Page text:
The Maniac, Rollerball, Black Tiger, Mark Rocco was a man of many names but not his own. When he told his father he wanted to wrestle, his father told him, “Then you don’t wrestle as a Hussey.” Imploring him to be up to the name before taking it. His father, Gentleman Jim Hussey, was a legendary British Heavyweight who pushed the boundaries of athleticism and showmanship. He would wrestle Andre the Giant one night and mercurial World Lightweight Champion George Kidd the next and make both look incredible in the process. While Mark may not have taken the name, Hussey aura was in him and wanted to come out. Mark Hussey, The Maniac, Rollerball, Black Tiger, one of the most innovative Junior Heavyweight wrestlers of all time, a fourth-generation grappler who changed the game, has passed away aged 69.

Later in his career, his theme song would be TNT by AC/DC. No theme song was more appropriate, “I’m Dynamite, and I will win that fight, I’m a power load, watch me explode.” The word for Rocco was incendiary. And he lit a fire in every Junior Heavyweight wrestler that has come since. He began his wrestling life in secret. Banned from his father’s gym in Manchester, he took lessons from veteran grapplers whilst his father was on tour. He would start as an amateur wrestler in the late sixties and never turned down an opportunity to learn. He would join Wigan’s Snakepit in his never-ending thirst for knowledge, just as he would study Sumo when working in Japan. Anything to improve his skills, his balance and his poise.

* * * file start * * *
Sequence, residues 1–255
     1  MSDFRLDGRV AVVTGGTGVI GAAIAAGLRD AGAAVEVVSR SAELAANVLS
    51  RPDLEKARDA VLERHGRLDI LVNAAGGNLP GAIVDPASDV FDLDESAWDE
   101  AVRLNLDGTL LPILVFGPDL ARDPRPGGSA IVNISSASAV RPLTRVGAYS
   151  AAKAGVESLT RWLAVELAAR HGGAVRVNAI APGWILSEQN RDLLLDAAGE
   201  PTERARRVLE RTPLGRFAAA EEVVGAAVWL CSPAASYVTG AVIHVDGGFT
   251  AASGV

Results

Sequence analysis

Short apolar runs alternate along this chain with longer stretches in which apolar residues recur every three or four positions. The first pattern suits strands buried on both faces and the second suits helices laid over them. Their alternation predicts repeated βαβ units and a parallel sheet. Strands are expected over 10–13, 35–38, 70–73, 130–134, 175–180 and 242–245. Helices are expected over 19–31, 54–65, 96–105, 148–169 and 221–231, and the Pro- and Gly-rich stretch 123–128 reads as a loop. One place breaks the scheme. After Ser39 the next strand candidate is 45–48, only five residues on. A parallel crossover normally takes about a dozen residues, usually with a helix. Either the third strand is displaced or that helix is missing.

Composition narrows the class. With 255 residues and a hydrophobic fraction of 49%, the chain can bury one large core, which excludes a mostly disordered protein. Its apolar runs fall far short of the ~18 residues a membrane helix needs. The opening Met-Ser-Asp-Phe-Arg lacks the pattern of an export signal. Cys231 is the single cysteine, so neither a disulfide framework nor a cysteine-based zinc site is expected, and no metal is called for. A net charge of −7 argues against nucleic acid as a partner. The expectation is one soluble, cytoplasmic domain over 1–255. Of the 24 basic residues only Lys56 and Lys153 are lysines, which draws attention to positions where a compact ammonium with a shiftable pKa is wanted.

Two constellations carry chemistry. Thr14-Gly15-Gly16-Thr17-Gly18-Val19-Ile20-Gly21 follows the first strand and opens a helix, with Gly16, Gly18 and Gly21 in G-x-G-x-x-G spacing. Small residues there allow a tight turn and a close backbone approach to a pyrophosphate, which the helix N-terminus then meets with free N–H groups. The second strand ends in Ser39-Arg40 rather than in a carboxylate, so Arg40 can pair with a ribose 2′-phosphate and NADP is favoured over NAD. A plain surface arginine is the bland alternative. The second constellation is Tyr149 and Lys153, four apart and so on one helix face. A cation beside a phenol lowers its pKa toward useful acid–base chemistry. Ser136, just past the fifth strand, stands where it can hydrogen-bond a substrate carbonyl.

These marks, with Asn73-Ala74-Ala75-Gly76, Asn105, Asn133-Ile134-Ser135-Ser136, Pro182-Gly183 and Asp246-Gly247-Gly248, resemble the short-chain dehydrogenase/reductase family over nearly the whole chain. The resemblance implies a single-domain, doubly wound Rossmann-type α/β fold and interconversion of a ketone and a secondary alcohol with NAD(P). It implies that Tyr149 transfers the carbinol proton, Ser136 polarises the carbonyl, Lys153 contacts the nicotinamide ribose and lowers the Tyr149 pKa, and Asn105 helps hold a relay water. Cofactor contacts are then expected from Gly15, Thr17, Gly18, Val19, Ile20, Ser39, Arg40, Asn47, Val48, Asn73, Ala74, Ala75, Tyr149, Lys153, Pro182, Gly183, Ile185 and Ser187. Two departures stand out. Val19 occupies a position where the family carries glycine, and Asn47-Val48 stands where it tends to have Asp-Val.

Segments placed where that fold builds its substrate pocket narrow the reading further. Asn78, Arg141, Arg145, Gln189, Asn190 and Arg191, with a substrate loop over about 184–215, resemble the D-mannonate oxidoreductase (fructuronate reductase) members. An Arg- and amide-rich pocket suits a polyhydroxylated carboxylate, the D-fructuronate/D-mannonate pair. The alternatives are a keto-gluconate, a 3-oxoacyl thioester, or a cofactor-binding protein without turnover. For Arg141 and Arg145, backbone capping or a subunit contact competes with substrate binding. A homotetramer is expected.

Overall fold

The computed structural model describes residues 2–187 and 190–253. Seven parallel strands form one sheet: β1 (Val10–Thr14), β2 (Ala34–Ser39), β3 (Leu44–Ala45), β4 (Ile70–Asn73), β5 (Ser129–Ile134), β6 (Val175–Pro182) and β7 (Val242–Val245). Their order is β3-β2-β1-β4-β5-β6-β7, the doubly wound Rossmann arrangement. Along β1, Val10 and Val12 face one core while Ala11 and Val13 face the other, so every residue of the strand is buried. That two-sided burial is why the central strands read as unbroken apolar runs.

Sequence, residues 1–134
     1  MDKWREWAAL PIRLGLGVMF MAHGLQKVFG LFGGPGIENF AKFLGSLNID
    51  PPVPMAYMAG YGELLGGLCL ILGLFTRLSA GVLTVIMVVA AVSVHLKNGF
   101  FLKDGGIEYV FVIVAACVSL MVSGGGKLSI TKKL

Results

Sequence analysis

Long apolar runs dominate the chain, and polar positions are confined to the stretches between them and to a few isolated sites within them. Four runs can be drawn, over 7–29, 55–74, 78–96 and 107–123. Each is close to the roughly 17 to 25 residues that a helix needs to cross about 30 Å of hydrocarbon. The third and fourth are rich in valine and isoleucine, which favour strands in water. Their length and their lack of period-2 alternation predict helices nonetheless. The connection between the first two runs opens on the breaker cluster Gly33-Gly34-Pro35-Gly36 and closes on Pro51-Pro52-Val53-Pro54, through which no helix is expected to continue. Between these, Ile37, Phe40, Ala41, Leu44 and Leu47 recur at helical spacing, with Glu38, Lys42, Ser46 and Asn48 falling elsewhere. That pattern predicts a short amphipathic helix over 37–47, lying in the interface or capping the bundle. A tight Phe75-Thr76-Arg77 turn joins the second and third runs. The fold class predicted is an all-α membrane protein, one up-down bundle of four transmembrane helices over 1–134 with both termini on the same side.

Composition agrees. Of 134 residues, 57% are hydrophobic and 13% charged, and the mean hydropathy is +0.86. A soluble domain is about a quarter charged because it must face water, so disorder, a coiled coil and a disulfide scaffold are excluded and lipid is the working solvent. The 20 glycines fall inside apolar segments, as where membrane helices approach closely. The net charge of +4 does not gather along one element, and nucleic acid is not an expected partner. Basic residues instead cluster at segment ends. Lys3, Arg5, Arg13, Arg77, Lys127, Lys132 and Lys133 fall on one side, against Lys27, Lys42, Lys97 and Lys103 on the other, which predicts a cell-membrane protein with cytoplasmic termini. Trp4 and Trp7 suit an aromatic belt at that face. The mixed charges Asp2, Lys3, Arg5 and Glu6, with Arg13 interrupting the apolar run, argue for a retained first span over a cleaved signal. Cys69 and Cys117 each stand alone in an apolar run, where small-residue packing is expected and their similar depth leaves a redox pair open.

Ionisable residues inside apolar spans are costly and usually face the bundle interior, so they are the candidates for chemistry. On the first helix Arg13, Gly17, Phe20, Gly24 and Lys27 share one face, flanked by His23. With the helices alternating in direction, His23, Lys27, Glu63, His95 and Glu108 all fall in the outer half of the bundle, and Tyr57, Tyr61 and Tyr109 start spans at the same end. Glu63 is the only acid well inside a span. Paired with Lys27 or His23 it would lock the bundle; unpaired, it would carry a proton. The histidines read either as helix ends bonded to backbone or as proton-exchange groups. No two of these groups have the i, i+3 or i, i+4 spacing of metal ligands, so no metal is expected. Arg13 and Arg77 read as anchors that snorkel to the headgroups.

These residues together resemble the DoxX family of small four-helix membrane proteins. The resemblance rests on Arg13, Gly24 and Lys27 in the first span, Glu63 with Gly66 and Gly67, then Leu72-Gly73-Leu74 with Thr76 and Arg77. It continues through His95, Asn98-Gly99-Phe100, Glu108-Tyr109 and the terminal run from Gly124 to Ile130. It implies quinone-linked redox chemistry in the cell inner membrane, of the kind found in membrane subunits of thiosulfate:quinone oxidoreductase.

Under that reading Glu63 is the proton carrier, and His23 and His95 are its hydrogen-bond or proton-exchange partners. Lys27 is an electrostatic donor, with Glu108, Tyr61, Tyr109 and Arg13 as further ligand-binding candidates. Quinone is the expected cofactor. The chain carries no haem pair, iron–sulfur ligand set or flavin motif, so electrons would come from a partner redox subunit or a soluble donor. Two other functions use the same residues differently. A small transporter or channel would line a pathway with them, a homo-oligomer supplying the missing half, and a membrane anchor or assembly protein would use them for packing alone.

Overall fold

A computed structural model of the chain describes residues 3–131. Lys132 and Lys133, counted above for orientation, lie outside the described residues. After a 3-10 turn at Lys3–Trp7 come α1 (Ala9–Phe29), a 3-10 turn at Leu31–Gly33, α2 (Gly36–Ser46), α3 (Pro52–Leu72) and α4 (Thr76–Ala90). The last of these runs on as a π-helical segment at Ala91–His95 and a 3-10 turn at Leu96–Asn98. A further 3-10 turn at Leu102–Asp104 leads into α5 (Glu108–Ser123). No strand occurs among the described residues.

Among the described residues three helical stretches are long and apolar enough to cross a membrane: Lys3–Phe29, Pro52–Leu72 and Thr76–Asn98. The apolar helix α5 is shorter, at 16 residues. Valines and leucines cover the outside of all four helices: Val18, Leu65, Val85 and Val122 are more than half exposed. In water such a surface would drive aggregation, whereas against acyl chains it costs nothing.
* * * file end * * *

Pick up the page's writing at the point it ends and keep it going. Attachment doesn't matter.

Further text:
In the early seventies, he was a rising star of joint promotions circuit. Alongside a generation of British Wrestlers like Marty Jones, Steve Wright, The Dynamite Kid, Dave “Fit” Finlay and Davey Boy Smith, they would rebuild Junior Heavyweight wrestling in their own mould, but Rocco’s first feud of significance was with the old guard. Bert Royal was king of the Middleweight hill at the time. Tagging with his brother Vic Faulkner, they were bigger than the Beatles. Rocco would take his first major title from Royal, The British Heavy Middleweight championship, seven years into his career. It was a huge step for the young Mancunian, but it pathed the way for a televised feud that would change the way TV wrestling was presented in the UK.